As a film media I just didn't see the value in buying worse versions of films stuck on a proprietary media I could only use on a PSP.
Portable DVD players where a thing and while a bit more clumsy at least offered interoperability with DVD players at home.
 
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diffusionx

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UMD was a great format for games, held as much data as a GameCube and was portable. I didn't have any issues with breakage.

For movies it just made more sense to rip your own and convert to PSP format than buy a UMD of something you probably had on DVD.
 
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Vandole

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Was it really a failure considering the competition it was up against?
I suppose it's a matter of perspective, but just because it was more successful than any competitors doesn't mean it was actually successful.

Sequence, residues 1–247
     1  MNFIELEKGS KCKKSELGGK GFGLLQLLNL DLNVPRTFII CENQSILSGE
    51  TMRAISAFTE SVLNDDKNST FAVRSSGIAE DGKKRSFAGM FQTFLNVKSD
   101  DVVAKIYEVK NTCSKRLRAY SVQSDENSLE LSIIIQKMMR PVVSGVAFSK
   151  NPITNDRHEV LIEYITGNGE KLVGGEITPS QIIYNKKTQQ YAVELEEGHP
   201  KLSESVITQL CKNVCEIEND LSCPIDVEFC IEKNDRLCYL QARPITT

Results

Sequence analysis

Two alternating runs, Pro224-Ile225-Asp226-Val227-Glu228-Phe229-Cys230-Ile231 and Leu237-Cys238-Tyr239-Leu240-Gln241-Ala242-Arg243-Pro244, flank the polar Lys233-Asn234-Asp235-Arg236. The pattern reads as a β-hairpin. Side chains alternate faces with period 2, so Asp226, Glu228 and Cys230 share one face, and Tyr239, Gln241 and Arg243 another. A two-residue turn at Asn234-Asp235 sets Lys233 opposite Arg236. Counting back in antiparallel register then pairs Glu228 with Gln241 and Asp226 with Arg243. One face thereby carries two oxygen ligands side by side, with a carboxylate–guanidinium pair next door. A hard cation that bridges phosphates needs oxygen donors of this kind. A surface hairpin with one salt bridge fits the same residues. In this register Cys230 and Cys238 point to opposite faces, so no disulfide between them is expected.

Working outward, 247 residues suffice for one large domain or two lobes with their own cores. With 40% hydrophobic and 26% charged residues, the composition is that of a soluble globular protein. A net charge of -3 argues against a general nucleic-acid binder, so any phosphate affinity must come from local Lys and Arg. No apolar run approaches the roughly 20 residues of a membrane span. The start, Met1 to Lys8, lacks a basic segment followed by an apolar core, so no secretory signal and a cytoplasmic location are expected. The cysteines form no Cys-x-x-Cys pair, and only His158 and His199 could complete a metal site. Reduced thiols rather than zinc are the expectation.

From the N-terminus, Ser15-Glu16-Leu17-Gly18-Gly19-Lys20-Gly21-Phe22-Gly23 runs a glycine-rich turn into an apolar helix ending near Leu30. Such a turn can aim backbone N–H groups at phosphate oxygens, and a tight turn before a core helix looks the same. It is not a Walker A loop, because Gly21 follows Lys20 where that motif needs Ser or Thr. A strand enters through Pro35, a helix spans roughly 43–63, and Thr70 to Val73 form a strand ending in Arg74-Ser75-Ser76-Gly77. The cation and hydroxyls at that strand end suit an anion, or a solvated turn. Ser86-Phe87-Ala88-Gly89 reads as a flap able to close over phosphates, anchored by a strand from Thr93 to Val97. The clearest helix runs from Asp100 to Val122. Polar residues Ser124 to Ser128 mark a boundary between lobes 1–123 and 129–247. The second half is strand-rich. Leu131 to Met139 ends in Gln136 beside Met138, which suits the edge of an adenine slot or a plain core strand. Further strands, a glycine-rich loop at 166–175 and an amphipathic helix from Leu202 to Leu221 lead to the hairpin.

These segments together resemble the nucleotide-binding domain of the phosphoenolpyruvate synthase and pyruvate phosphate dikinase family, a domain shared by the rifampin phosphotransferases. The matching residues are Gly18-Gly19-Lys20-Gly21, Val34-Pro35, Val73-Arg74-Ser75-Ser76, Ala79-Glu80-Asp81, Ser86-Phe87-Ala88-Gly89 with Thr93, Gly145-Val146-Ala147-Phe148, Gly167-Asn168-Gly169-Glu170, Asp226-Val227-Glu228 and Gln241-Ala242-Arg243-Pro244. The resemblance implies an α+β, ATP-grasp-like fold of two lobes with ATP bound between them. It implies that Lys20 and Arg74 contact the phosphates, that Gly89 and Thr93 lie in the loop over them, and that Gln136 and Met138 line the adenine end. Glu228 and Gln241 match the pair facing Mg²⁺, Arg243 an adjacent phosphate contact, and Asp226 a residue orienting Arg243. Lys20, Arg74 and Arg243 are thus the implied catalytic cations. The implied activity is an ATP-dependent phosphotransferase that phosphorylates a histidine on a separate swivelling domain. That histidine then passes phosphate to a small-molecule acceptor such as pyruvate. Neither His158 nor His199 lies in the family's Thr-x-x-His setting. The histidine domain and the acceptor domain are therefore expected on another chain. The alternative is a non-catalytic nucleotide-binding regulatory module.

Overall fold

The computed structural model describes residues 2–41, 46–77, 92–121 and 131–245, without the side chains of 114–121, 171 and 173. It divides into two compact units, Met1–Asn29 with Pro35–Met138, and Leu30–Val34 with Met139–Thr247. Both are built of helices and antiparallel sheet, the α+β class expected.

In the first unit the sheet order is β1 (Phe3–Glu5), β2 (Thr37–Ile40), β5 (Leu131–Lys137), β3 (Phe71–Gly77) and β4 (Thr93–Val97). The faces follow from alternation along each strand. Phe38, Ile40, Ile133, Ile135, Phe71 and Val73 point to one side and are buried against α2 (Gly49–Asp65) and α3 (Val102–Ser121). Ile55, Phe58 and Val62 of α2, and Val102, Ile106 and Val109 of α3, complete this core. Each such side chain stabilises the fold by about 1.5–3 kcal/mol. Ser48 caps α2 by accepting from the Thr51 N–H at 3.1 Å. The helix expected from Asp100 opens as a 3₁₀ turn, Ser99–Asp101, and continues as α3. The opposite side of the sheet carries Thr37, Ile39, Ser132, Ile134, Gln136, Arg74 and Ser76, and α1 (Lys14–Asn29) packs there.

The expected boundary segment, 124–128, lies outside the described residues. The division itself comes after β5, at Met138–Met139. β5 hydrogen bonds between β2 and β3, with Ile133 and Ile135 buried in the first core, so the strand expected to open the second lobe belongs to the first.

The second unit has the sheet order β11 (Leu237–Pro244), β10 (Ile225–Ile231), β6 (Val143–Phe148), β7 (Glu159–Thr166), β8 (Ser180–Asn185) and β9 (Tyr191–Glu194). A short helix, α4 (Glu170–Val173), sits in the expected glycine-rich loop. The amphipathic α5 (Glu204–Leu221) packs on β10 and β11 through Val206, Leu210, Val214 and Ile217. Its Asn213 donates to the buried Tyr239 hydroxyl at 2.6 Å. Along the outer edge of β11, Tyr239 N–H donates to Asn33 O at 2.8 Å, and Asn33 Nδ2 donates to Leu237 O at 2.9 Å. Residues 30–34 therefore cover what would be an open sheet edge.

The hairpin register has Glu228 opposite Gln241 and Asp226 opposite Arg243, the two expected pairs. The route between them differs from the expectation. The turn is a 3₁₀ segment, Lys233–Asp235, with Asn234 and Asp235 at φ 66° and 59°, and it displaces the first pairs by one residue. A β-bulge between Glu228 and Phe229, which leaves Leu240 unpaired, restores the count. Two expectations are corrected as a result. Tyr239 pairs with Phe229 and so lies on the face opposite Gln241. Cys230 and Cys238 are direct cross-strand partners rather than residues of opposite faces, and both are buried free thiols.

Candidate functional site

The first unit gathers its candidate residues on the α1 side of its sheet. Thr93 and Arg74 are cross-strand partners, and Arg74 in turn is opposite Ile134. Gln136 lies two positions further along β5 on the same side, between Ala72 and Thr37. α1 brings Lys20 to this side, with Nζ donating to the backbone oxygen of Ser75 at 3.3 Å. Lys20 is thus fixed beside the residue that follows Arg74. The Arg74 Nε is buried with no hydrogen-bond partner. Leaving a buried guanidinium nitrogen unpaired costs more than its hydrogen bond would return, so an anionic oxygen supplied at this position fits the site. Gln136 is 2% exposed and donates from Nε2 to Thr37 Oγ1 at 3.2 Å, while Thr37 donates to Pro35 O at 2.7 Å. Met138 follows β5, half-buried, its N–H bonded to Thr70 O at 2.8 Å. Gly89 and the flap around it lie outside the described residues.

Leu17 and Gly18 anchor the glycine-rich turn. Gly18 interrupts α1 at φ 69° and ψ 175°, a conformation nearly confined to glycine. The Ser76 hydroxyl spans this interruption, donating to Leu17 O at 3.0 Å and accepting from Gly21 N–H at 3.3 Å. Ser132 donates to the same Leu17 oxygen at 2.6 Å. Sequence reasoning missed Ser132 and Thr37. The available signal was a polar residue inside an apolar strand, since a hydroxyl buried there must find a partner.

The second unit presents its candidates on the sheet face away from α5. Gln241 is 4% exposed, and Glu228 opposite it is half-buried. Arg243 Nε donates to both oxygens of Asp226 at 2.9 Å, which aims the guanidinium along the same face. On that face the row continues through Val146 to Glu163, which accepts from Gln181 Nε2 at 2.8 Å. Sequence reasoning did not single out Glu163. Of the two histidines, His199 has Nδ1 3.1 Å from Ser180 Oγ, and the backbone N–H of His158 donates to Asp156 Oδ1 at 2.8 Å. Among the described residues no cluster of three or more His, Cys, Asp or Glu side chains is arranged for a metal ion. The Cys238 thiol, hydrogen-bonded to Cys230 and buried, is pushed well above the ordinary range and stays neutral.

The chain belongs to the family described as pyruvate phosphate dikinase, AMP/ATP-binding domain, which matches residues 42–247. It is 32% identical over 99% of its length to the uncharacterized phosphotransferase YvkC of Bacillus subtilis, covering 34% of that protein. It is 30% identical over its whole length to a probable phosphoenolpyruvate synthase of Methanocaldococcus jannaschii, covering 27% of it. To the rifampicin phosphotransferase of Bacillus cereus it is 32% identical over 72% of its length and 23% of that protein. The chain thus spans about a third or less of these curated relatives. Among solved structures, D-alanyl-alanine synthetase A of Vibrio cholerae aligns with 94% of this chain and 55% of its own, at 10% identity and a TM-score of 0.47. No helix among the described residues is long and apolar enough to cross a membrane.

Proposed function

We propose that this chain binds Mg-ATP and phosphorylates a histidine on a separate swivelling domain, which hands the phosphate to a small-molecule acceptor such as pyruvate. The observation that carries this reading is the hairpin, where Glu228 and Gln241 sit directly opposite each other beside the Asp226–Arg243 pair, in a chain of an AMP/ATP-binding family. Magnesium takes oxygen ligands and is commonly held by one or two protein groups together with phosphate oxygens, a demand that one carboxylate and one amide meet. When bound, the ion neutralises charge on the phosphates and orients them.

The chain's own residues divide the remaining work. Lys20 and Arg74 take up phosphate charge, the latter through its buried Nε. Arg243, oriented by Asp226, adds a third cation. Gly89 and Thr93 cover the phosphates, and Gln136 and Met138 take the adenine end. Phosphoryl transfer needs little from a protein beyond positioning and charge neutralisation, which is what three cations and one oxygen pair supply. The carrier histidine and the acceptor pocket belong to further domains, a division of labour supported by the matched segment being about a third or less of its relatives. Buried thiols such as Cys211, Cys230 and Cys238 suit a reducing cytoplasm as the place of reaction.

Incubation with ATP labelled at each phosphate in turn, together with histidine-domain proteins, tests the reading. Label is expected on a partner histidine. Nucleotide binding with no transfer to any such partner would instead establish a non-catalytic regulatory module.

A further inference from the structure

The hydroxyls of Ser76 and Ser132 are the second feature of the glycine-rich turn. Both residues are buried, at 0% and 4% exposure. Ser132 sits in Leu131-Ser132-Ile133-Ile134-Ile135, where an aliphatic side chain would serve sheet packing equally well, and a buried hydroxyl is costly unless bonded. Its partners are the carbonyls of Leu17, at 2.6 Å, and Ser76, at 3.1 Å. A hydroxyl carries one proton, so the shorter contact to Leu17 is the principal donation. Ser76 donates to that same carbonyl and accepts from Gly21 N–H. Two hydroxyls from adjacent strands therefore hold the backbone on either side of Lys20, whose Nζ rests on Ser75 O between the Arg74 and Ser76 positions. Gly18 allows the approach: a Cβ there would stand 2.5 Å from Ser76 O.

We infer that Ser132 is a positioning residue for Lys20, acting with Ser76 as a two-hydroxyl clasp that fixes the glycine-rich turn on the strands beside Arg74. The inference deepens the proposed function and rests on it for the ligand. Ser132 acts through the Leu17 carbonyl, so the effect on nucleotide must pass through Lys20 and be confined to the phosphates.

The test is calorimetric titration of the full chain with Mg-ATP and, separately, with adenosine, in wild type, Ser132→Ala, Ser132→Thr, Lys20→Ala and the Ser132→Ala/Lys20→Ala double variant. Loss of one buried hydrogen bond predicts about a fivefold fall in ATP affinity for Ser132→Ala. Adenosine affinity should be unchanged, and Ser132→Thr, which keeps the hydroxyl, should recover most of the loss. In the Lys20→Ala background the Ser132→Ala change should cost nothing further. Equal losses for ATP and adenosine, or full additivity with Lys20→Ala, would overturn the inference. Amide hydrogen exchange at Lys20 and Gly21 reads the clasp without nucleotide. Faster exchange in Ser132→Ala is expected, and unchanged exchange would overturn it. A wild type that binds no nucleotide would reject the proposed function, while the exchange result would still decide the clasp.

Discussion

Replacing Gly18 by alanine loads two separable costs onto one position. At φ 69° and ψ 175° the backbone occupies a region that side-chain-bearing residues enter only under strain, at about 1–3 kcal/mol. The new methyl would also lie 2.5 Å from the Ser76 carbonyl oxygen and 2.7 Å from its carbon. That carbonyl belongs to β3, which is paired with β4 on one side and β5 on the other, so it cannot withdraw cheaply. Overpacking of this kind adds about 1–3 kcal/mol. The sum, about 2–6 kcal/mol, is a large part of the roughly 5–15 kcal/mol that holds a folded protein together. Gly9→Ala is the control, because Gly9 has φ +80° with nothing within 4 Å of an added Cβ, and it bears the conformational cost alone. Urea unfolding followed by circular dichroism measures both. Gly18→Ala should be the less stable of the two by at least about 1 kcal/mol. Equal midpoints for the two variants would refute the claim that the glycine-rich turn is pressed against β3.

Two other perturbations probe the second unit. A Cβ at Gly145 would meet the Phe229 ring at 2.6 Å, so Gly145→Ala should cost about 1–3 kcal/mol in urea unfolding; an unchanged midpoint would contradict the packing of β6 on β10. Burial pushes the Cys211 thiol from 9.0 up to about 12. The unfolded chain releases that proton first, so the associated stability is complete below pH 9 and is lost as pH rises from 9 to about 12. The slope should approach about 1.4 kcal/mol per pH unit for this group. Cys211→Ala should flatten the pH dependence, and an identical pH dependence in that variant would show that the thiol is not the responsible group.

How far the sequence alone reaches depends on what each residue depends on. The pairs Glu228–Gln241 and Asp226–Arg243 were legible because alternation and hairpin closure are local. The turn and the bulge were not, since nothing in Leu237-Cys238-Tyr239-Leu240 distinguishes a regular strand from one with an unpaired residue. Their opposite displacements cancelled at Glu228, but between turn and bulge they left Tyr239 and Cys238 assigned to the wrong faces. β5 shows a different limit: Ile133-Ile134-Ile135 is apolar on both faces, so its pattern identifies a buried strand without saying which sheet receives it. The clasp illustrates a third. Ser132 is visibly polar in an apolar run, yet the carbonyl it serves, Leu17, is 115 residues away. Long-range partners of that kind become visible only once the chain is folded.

It was fine for what it was in terms of a media format for the PSP. But if the goal was ultimately to create a media format that would be utilized by other companies, that didn't happen. No one else was making hardware to play them. And ultimately even Sony abandoned it before the PSP's life cycle was over.
 

Dr.Morris79

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Chhhuuuuugg chuuuugggg. Nothing beat the dulcet tones of a laser straining in your hands to read a disc.

I still have my PSP collection and three of the hand helds, it's been so long now the batteries are probably shot to hell. And I still never got round to playing Crisis Core.
 

Agent X

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I really liked umd aka mini disk and thought it was cool but it failed horribly. Stilll have a minidisc player somewhere as i worked at Best Buy at the time and got one for cheap.

MiniDisc was a different type of media from UMD.